It’s not often that I feel the need to pick on artists, or describe how bad someone’s work is – I don’t think these artists or their work deserves any PR. I’m not an artist myself – certainly not a professional or talented one – but I do know when someone tries to pass of absurdity as art. That is why it is so important to study art, to know the basic concepts, to know the artist's creative path, ideas and aspirations, which you can read about in essayswriters.com research, because then we will be able to give an accurate assessment of a work of art and, in fact, call it "art" and not just to spread narratives that have nothing to do with reality.
Very recently, I was barely able to control myself from writing about the somewhat disappointing exhibition at the Prince’s School of Traditional Arts (PSTA) in London. Whilst I genuinely think PSTA used to aim for the right things and have great respect for the Prince and what he does – the quality of work has been declining. After all, the school is taking on a more commercial approach and as with all things that become about business, quality gets substituted for quantity. I hope Prince Charles is noticing that, even though it may not be high up on his list of things to fix.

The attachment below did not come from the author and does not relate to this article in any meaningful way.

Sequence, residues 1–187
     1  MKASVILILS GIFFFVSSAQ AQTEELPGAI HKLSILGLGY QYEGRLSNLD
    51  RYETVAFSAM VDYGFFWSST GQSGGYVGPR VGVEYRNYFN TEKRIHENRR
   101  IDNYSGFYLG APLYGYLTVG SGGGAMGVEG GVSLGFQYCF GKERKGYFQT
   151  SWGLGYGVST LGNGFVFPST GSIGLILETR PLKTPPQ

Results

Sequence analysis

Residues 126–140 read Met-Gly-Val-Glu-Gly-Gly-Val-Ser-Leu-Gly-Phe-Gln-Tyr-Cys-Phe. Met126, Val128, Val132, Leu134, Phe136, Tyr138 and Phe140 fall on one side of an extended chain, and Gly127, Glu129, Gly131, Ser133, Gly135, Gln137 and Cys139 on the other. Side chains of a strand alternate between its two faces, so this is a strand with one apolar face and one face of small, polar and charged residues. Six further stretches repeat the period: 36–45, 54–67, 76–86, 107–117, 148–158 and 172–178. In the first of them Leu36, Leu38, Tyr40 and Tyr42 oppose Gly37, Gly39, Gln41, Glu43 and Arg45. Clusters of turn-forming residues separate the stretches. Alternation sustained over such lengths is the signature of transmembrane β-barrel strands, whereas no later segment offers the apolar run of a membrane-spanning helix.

There is some art, though, in London, which reflects on the poor taste and corruption of those who promote art in this city. I recently noticed, by mistake, the horrible piece of what I can only call a wall by Knut Henrikson at King’s Cross Station between the northbound and southbound Northern line platforms. How on God’s good earth is this thing a piece of art? Is it just me, or have the staff at Transport for London (TFL) and some of the seriously distasteful, modern ‘know it all’ art loving bloggers seriously gone blind. Here is a small preview of what TFL and some of our tasteless modern art ‘want to be’ cool collectors have been admiring:
Now, where in the world does that strike you as a piece of art. Here is a definition of the word art from Merriam Webster:
“the conscious use of skill and creative imagination especially in the production of aesthetic objects.”
I’m not picking on Knut Henrikson; I am simply suggesting that people, whether in London, Paris or New York, seriously need to get their eyesight checked and need not think of art as cool simply because TFL promotes it to be or because collecting rubbish has become a ‘cool’ thing. Credit should be given where it is due. I can assure you that TFL is probably paying some intern to select junk that goes up across London as ‘art’. Do you really want to follow an intern or a bureaucrat who works at TFL? Seriously, if you are someone who appreciates art, surely you have more taste and better places to look for guidance than that.
Kudos to Henrikson’s dealer or PR consultant, though. You’ve all made the world a worse place and art a more degrading profession – only for ‘financial’ and ‘marketing’ reasons – just the kind of values fine art and its champions stand for.